Backcountry horse-pack trips are just one of the many summer adventures people can enjoy in this vast, wonderfully diverse wilderness. The Frank Church is so extensive, and so full of scenic wonders, it's like revisiting America's frontier West. Visitors have no problem finding solitude in the backcountry, but the region is remarkably easy to access: with 18 airstrips, boat access on the Salmon River, and 32 trailheads leading from all corners of the wilderness.
On wilderness pack trips, visitors can ride a horse or mule (or lead a llama) to hundreds of mountain lakes (think trout fishing) or lush mountain meadows. With 1,500 miles of trails to explore, the opportunities are endless. Selected airfields provide easy access to the middle of the wilderness. Flights cost $65 to $100 per person.
Almost a vertical mile below Chamberlain Basin, a colorful array of whitewater boaters drift past Campbell's Ferry on the wild and scenic Salmon River. The crossing is named for William Campbell, a man who ferried thousands of gold miners across the Salmon in the early 1900s. They were bound for Thunder Mountain, the site of the last major gold rush in the West. Each year, about 8,000 kayakers, rafters, jet boaters and steelhead anglers ply the 80-mile wilderness section of the Salmon River Gorge, the nation's second-deepest canyon at over 6,000 feet deep. The Salmon is considered the nation's premier family wilderness river vacation because the rapids are playful but not death-defying, the water is deep enough for swimming, and the white-sandy beach campsites are spacious enough to set up a volleyball net or throw a frisbee. Folks visit historic sites and view Indian pictographs along the way. Six-day trips range from $150 to $200 per day.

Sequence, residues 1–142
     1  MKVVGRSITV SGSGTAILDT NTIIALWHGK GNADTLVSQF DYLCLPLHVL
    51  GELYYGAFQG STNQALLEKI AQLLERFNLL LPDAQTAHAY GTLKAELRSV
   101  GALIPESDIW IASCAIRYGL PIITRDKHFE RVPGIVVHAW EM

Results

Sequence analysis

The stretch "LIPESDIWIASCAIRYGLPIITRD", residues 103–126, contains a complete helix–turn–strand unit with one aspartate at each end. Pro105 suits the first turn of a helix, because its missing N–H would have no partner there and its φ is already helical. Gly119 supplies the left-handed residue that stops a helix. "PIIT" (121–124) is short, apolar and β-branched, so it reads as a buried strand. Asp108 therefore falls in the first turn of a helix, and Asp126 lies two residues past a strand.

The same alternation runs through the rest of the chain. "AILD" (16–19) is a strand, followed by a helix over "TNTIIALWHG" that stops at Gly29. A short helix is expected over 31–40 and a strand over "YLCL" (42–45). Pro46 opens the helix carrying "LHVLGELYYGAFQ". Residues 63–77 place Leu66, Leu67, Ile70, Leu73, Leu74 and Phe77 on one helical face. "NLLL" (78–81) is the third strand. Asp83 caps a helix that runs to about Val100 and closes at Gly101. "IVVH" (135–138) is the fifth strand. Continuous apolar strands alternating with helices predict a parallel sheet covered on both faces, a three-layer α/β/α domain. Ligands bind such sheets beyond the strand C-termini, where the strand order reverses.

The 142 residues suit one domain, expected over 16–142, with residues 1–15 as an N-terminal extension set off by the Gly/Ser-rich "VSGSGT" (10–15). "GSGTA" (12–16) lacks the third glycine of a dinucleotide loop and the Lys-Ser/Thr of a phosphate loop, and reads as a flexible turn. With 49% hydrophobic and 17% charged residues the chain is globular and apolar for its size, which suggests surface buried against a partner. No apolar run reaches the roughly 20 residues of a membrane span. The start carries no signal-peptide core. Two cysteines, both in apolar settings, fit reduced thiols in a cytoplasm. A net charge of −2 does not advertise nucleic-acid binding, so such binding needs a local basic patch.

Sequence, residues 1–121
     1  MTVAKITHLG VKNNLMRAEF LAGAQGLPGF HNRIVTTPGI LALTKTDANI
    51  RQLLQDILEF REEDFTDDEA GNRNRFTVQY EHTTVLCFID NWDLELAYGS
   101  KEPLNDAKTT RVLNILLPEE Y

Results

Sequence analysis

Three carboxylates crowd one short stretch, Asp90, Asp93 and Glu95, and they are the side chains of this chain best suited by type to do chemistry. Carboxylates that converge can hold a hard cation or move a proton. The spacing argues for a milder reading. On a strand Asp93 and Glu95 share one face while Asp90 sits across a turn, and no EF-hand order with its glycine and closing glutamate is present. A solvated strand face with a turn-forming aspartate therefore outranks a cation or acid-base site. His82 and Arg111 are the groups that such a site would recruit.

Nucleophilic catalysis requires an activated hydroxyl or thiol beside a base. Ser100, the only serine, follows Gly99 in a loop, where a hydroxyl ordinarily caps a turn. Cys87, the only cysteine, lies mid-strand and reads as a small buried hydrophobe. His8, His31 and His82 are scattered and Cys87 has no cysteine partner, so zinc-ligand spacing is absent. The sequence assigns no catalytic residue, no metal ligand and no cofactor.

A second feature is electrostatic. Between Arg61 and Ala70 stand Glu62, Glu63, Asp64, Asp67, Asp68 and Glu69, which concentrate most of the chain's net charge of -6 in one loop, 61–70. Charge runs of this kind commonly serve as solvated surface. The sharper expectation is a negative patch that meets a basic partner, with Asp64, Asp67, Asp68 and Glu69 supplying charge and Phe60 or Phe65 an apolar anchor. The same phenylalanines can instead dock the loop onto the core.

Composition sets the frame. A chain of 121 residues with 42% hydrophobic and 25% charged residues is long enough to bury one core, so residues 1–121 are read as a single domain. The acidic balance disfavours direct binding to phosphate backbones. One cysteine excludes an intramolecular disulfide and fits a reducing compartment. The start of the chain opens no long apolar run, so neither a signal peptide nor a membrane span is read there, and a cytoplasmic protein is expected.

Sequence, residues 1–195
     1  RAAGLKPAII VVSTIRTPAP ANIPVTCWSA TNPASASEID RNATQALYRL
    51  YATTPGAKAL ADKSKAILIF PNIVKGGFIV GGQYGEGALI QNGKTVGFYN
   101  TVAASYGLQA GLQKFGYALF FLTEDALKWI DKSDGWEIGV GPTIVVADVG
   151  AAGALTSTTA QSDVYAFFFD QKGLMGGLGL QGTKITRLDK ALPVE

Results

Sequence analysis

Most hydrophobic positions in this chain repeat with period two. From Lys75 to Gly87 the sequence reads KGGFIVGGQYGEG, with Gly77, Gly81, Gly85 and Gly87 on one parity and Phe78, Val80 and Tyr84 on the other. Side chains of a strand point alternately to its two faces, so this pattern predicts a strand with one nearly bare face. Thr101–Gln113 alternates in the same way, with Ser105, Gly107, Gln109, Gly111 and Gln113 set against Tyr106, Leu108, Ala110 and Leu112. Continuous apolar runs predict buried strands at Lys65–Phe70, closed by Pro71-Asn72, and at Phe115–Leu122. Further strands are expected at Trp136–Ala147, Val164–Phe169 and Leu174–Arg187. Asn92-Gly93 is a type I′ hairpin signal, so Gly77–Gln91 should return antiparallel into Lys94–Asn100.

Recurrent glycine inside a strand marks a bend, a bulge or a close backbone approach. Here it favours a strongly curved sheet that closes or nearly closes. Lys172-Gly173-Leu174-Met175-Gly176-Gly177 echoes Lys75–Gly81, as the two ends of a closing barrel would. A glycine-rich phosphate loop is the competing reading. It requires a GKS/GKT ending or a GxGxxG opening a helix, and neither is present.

Perhaps the most treasured river trip in"the Frank," as locals call it, is a week-long adventure on the Middle Fork of the Salmon River, also a national wild and scenic river. The Middle Fork has everything the main Salmon offers and more? more rapids, numerous hot springs, world-class fly fishing, and the awe-inspiring Impassible Canyon in the final 25 miles of the trip. About 10,500 people float the Middle Fork each year; about half of them go with outfitters for about $150 to $200 per day.